Python lists' .sort method is not guaranteed stable -- items that compare equal may or may not be in unchanged order. Ensuring stability is easy as one of the many application of the commom idiom decorate-sort-undecorate (aka "Schwartzian transform").
Python, 17 lines
"decorate-sort-undecorate" is a general and common idiom that allows very flexible and speedy sorting of Python sequences. An auxiliary list is first built (the 'decorate' step) where each item is made up of all sort-keys (in descending order of significance) of the corresponding item of the input sequence (must include all of the information in the whole corresponding item, and/or an index to it so we can fetch it back [or reconstruct it] in the third step). This is then sorted by its builtin sort method without arguments. Finally, the desired sorted-list is extracted/reconstructed by "undecorating" the now-sorted auxiliary-list. Steps 1 and 3 can be performed in several ways, with map, zip, list comprehensions, and explicit loops, all possible. [This idiom is also known as "Schwartzian transform" by analogy with a similar Perl idiom (which, however, implies using map and grep and performing the whole sequence inside one single statement)].
This 'naturally' supplies a sorted _copy_, but if the input-sequence is a list we can just assign to its "include everything" slice to get in-place effect.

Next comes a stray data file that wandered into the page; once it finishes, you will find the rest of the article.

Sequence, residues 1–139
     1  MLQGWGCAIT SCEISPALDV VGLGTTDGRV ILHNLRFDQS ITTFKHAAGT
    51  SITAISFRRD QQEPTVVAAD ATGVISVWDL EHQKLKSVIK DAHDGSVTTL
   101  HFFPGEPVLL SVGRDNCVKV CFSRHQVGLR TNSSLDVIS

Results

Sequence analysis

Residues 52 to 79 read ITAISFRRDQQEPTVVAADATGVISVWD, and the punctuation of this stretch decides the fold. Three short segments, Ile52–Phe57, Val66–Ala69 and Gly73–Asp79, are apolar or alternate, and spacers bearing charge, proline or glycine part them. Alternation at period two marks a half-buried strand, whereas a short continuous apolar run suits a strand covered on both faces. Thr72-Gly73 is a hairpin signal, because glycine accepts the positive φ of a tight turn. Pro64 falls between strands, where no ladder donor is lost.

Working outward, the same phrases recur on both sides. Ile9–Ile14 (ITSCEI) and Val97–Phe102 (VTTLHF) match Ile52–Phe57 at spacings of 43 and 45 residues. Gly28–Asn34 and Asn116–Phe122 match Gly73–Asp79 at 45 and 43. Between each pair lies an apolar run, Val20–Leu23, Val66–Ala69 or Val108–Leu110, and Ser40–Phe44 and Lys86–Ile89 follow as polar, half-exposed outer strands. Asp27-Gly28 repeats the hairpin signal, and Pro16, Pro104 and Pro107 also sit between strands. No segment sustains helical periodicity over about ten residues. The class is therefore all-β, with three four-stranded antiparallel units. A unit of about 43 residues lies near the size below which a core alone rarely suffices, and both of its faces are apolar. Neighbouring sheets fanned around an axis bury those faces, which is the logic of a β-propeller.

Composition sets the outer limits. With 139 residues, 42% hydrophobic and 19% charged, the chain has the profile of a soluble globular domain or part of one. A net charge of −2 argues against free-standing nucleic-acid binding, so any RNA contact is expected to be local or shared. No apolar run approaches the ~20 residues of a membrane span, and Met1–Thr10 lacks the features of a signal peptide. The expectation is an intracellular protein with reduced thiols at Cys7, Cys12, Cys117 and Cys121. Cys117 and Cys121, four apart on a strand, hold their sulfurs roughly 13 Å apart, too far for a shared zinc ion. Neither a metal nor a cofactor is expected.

This recipe specifically demonstrates using this to achieve a stable sort (where items that compare equal keep the same relative order in the result list as they had in the input sequence). For this specific task, passing an argument to the built-in sort method is no use. More generally, the decorate-sort-undecorate idiom could sometimes be replaced by passing a comparison function argument to sort, but the d-s-u idiom tends to be much faster.
The speed comes from maximally accelerating (by using no Python-coded function an argument to .sort) the O(N log N) part, which dominates sorting time for sequences of substantial length N; the decoration and undecoration steps are both O(N), thus contribute negligible runtime if N is large enough, and reasonably little runtime anyway even for many practical values of N.
Note "optional argument" _indices -- this is used to ensure a single copy of the needed xrange object is generated, at function-definition time -- it can then be reused to decorate-with-indices any argument sequence. See also the recipe "Parallel loop on index and sequence-item" for more on this and related usages.